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Gorgeous prefab cabin is embedded into the mountainous Norwegian landscape

This green-roofed home for a master gardener embraces nature

November 1, 2018 by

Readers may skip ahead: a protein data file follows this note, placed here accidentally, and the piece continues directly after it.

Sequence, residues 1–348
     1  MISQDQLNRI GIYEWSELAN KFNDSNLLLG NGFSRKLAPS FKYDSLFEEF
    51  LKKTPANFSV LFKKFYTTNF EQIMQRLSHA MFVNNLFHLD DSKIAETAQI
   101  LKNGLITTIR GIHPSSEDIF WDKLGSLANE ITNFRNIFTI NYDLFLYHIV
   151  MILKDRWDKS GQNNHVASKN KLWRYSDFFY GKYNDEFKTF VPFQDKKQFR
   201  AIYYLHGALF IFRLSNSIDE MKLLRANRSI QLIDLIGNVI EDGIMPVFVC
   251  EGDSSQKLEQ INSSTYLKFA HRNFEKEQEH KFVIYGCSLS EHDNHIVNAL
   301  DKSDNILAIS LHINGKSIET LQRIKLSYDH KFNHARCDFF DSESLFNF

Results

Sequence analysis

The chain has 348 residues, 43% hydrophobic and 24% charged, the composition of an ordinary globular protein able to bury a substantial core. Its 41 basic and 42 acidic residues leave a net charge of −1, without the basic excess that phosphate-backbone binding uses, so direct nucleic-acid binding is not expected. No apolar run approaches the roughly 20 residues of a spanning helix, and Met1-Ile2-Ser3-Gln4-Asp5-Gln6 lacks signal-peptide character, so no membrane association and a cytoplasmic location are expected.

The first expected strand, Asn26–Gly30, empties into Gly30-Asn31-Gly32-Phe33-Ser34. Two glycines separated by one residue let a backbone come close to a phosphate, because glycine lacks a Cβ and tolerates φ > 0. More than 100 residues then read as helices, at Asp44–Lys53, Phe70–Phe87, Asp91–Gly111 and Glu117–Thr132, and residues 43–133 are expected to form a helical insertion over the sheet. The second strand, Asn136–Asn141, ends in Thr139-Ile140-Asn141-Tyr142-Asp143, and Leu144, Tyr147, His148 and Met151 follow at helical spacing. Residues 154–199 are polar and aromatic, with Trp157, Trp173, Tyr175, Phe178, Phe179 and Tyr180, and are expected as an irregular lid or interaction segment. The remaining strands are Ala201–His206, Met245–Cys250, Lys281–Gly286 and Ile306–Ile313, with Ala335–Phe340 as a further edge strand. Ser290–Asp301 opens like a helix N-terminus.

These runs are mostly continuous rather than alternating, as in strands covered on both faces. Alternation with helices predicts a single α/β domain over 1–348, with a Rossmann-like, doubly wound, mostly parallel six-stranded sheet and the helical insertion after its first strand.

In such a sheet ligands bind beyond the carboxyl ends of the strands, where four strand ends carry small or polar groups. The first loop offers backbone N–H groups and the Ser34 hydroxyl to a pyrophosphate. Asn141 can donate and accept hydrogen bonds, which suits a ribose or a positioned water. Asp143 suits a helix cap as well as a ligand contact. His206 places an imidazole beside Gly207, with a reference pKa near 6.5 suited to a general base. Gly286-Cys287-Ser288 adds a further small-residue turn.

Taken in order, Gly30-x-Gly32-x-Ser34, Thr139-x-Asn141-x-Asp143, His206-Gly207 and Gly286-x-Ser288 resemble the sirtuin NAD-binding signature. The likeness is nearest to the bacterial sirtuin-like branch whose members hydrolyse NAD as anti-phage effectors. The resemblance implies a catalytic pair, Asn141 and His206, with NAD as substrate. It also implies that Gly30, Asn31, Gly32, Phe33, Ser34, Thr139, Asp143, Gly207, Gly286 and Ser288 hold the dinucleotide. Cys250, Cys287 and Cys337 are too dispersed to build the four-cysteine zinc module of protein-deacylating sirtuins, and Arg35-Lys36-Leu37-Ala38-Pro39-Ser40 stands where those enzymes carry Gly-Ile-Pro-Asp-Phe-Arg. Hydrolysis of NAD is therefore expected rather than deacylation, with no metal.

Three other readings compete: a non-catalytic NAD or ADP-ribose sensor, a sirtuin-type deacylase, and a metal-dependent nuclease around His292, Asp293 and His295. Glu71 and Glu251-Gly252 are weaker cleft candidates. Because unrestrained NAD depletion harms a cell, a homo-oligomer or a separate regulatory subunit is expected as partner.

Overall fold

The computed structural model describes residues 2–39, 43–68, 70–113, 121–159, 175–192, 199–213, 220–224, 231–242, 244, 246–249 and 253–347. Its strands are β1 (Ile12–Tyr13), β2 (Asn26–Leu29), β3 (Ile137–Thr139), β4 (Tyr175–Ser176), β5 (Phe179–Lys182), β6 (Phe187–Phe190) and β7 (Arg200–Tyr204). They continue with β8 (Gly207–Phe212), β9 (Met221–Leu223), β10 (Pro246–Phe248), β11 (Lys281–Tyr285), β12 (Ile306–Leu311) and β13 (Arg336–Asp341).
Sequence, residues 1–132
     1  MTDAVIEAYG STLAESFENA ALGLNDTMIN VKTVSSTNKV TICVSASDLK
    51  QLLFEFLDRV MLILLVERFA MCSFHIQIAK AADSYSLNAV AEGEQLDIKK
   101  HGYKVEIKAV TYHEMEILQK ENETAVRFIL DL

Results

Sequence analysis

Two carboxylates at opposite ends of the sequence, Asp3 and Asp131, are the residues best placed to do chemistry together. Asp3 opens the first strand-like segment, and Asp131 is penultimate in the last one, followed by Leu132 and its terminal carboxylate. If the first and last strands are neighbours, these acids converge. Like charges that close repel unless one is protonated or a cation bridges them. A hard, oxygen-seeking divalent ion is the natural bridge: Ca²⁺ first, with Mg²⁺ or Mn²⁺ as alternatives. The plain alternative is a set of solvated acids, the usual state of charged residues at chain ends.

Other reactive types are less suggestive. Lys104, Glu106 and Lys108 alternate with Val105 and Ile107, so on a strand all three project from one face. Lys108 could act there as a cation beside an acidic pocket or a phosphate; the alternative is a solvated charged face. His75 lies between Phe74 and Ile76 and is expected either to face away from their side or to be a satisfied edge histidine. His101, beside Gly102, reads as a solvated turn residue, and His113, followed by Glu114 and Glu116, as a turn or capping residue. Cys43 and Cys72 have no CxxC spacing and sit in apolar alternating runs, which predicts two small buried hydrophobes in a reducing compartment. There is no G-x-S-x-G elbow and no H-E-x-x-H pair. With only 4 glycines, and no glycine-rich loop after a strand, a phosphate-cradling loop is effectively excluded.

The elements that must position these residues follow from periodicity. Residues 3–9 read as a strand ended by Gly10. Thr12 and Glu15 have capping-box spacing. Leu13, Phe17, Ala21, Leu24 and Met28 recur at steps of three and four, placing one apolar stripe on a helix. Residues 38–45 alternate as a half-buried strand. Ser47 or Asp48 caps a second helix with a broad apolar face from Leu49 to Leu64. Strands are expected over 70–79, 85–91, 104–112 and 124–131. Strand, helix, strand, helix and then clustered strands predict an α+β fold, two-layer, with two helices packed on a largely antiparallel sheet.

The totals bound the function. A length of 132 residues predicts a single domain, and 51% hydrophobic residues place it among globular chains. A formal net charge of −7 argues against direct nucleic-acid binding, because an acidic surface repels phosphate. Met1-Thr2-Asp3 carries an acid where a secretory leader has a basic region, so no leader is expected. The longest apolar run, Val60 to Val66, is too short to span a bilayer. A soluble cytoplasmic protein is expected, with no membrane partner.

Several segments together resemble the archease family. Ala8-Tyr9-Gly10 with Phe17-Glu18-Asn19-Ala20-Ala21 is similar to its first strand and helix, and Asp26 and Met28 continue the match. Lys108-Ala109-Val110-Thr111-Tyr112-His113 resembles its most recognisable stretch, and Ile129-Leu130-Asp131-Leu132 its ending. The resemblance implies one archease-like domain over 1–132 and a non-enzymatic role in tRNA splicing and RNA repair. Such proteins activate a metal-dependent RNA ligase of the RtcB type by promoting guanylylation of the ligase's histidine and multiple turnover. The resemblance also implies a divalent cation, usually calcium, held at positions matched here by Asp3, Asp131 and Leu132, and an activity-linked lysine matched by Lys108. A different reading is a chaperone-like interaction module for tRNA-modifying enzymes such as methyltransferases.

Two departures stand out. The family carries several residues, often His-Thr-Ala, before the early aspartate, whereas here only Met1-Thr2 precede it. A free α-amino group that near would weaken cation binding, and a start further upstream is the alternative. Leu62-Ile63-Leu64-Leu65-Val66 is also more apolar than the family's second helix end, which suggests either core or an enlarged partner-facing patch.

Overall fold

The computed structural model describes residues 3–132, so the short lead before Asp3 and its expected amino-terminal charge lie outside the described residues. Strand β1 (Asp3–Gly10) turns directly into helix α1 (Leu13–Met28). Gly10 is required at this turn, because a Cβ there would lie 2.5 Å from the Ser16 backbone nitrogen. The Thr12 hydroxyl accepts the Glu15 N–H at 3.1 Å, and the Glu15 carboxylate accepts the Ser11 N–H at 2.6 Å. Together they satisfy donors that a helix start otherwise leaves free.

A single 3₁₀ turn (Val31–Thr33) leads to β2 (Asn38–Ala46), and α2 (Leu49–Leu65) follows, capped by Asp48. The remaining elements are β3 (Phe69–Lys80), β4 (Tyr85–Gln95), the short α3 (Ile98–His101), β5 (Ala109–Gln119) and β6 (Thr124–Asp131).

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Tapped to design a home for a master gardener in Portland, Oregon, Olson Kundig crafted the Country Garden House, a light-filled home that frames garden views from every room. Designed for indoor-outdoor living, the home features walls of glass that overlook stunning vistas and spans 5,300 square feet to accommodate the needs of a multigenerational family. Clad in reclaimed barnwood, the home’s simple gabled form and ample glazing are evocative of traditional farm architecture. Completed in 2013, the Country Garden House is designed to harmonize with its lush landscape. Timber is used throughout, from the exterior siding and soffits to the interior surfaces and furnishings. Large grid windows with black metal framing help to break up the timber palette while also brightening the interior with natural light. American plantsman and garden writer Dan Hinkley was brought on to collaborate on the design of the gardens, which are visible from every room in the home. A green roof further ties the house into its surroundings, as do the easily accessible outdoor living spaces designed for family gatherings. “The entry sequence brings visitors underneath leafy trellises to a front door that opens to a long vista through the living room, opening to views of the verdant hillside beyond,” the architects explained in a project statement. “A long gallery corridor separates the private bedroom spaces from the more ‘public’ living spaces, and showcases the owners’ artworks. Their art extends into the main living areas with custom casework designed to display a rich collection of Asian porcelain, as well as a hand-painted mural by Leo Adams in the dining room.” Related: This Puget Sound eco cabin is made almost entirely from reclaimed materials Enclosed by cedar walls and grid glazing, the living areas are anchored by a stone fireplace that separates the den from the living room. Exposed timber ceilings create “a sense of rustic refinement” and give the home another rustic counterpoint to the mix of contemporary and antique furnishings used throughout. + Olson Kundig Photography by  Jeremy Bittermann Photography via Olson Kundig